The highly successful NFL business model

Monday 8th February 2010
NFL.jpg

Today is the NFL Super Bowl, the final of the American Football season. It is the biggest annual day in world sport and America’s most-watched television broadcast.

The event has an audience of about 130 million people (just exceeding the UEFA Champions League soccer final) and is rated by Forbes as worth US$379m, making it also the most lucrative annual sporting event in the world.

But what makes the competition so successful is the unique way the NFL (National Football League) is run – as a socialist business model.

The NFL competition has 32 teams – each of them privately-owned franchises – and is set up to ensure any team can win “on any given Sunday”.

They do this in three ways.

Firstly, about 70% of each team’s revenue is shared equally among all teams. This includes money from TV deals, sponsorships, ticket sales and merchandise.

Secondly, there is a limit that teams can spend on players’ annual salaries. In 2009 this figure was $127m for a maximum squad of 53 players.

Thirdly, the order in which teams select new players to the competition, known as the NFL Draft, works in inverse order – meaning the last placed team picks first, and the winner of the Super Bowl picks last.

All this evens out the competition by ensuring there isn’t a huge gap between rich and poor teams. It means all teams are financially viable and athletically competitive, which keeps supporters coming back because the games remain interesting.

This is in stark contrast to England’s Premier League – the richest soccer league in the world – which has no salary cap and very little revenue sharing. Here, the same teams dominate the competition every year, while the poorer and less successful ones lose support and flirt with bankruptcy.

On the surface it all seems very ‘un-American’ – the idea of wealth redistribution in a staunchly capitalist country. But during the last decade the NFL has outperformed its fellow sports in almost every measure and delivered record crowds at an average 90% capacity.

And the winning formula has been great for business. Five of the teams are valued at over US$1 billion and another 17 are on the cusp. Only three other sports teams in the world are valued at more than $1 billion: baseball’s New York Yankees, and soccer’s Manchester United and Real Madrid.

A lot of this is to do with risk. The business is perfectly hedged, which means one team’s losing season and poor revenues is offset by another team’s bumper year. Along with handsome revenues ($6.5bn annually), this financial certainty keeps NFL team values high as there is little chance of any going bankrupt.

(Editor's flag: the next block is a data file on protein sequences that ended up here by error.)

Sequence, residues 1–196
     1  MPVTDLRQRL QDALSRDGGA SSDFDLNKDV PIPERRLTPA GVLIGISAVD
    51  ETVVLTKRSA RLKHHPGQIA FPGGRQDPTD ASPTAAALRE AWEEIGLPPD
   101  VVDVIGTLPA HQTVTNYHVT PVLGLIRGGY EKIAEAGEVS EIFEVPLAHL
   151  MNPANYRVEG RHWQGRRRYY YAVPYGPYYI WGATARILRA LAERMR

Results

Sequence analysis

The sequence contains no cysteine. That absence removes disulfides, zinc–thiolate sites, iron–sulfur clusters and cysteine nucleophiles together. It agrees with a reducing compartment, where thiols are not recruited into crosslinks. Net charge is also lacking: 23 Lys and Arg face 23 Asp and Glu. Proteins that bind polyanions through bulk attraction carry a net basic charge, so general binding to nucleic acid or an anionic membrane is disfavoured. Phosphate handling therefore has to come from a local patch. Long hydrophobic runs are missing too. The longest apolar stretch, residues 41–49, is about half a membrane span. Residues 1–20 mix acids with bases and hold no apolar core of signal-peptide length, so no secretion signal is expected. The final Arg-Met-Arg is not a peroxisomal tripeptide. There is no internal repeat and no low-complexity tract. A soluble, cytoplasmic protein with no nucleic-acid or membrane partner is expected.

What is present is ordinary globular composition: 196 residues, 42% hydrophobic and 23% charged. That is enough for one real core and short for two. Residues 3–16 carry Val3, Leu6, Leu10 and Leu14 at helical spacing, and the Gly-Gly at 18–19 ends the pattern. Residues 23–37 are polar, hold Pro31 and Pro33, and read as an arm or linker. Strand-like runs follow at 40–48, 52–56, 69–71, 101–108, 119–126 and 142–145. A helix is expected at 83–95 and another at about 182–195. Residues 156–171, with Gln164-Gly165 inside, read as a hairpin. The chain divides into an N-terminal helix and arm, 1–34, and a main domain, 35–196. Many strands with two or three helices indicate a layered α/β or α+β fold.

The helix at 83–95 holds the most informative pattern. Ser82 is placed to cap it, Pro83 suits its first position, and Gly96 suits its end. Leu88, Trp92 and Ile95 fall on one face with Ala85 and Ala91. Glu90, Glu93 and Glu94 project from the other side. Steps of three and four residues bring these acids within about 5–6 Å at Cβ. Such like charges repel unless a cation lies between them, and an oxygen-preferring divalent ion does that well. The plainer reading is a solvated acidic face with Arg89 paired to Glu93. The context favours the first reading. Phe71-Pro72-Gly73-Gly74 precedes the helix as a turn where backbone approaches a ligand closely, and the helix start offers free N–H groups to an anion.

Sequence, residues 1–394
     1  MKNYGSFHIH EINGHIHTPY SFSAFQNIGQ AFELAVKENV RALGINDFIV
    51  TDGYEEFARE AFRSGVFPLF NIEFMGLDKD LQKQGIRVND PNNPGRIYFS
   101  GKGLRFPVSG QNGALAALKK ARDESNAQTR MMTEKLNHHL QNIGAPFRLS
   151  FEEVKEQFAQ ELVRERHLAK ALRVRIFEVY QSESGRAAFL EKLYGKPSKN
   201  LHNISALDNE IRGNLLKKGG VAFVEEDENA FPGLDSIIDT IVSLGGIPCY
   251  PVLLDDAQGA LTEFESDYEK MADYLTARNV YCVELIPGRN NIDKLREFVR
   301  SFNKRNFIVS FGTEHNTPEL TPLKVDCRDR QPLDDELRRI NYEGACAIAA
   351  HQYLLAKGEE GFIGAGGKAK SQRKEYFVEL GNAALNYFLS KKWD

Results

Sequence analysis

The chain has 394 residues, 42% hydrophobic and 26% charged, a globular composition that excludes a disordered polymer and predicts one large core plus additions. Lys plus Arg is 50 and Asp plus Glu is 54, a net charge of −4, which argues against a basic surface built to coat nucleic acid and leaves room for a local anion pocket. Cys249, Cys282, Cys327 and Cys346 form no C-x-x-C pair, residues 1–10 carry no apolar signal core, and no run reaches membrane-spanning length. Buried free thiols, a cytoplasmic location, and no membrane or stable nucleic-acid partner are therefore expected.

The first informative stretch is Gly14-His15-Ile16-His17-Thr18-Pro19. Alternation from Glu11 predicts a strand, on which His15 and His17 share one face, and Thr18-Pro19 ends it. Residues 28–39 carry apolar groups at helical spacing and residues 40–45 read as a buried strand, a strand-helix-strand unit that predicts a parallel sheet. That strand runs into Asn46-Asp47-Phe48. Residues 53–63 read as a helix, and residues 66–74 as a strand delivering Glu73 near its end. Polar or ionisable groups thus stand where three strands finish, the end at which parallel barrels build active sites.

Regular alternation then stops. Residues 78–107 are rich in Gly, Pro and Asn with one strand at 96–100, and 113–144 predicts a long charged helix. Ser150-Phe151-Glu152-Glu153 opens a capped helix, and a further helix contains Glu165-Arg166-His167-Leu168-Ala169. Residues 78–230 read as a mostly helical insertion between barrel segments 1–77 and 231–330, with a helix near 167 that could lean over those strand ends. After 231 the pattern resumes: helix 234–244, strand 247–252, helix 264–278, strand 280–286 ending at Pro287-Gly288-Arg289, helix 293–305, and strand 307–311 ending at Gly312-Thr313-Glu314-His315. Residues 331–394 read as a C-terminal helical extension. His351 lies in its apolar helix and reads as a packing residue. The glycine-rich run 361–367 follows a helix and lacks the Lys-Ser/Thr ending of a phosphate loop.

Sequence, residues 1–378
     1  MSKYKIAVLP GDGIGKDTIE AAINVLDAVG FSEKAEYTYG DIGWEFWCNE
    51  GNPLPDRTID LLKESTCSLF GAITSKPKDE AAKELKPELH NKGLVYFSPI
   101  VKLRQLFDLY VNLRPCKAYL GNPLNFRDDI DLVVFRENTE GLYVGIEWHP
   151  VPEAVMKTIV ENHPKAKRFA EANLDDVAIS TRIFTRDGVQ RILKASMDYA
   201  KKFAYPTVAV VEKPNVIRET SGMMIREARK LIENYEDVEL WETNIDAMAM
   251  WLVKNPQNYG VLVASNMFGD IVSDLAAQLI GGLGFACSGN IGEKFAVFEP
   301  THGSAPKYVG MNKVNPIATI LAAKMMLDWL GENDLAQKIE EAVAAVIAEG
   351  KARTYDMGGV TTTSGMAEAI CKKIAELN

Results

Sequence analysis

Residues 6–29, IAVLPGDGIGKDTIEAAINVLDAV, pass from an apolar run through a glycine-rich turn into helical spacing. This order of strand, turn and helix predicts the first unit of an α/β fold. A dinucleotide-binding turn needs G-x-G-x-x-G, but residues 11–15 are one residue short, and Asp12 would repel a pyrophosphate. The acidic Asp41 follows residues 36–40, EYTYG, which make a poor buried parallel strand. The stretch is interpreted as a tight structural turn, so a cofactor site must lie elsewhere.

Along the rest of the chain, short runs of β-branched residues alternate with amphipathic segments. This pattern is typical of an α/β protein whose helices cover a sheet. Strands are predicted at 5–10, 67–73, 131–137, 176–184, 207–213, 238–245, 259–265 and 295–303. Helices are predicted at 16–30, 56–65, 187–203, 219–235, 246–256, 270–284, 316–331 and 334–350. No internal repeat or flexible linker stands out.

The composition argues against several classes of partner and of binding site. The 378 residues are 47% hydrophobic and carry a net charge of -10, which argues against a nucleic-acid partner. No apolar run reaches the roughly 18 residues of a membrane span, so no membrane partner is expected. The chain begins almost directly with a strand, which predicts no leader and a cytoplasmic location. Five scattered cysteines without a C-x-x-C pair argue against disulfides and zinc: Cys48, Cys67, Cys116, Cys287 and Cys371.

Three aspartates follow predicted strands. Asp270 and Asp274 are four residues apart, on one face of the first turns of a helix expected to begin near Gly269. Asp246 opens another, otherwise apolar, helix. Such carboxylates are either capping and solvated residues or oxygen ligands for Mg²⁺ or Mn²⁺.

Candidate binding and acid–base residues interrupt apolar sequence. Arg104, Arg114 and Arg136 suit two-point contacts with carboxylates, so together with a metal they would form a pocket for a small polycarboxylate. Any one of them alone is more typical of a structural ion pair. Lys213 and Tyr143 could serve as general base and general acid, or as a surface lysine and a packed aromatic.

The NFL’s management has other key strategies too. They negotiate all their TV contracts as a single entity, rather than letting the big cities dominate like in the other sports.

TV rights are distributed between four networks of NBC, CBS, Fox and ESPN to keep them competitive, and the right to broadcast the Super Bowl is rotated between three of them.

Additionally, management always tries to leave one major city without a team in the 32 to keep the current host cities on their toes (teams can move locations and change names if need be). This puts pressure on state and local governments to inject public money into stadium upgrades.

For example, Los Angeles, America’s second-largest city, hasn’t had a team since 1994. But the NFL has made far more money by using LA as a threat, than by actually putting a team there.

There are always downsides though. Cincinnati was accused of free-riding during the 1990s after being the fifth-most profitable team but winning the fewest games. And some owners have complained that the revenue sharing is too high.

However, these are the minority cases, and the NFL has allowed teams to keep profits from some high-growth revenue streams, like luxury boxes, to ensure the winning desire is maintained.

The other top three sports of baseball, basketball and ice hockey have all tried to imitate the model but without much success. They’ve only agreed to limited revenue sharing and salary caps because rich teams simply don’t want to compromise.

American football also has an element of luck. Being the most violent of the four sports, the average player lasts no more than four years as a professional. This means there’s minimal threat of player strikes over pay that have plagued the other sports and cost ice-hockey an entire season in 2005.

But luck counts for little. Indeed, rather than going to the winning quarterback of the Indianapolis Colts or the New Orleans Saints, today’s MVP could go to the NFL management for keeping their sport on top, and creating and executing an unbeatable formula.

By The Casual Truth

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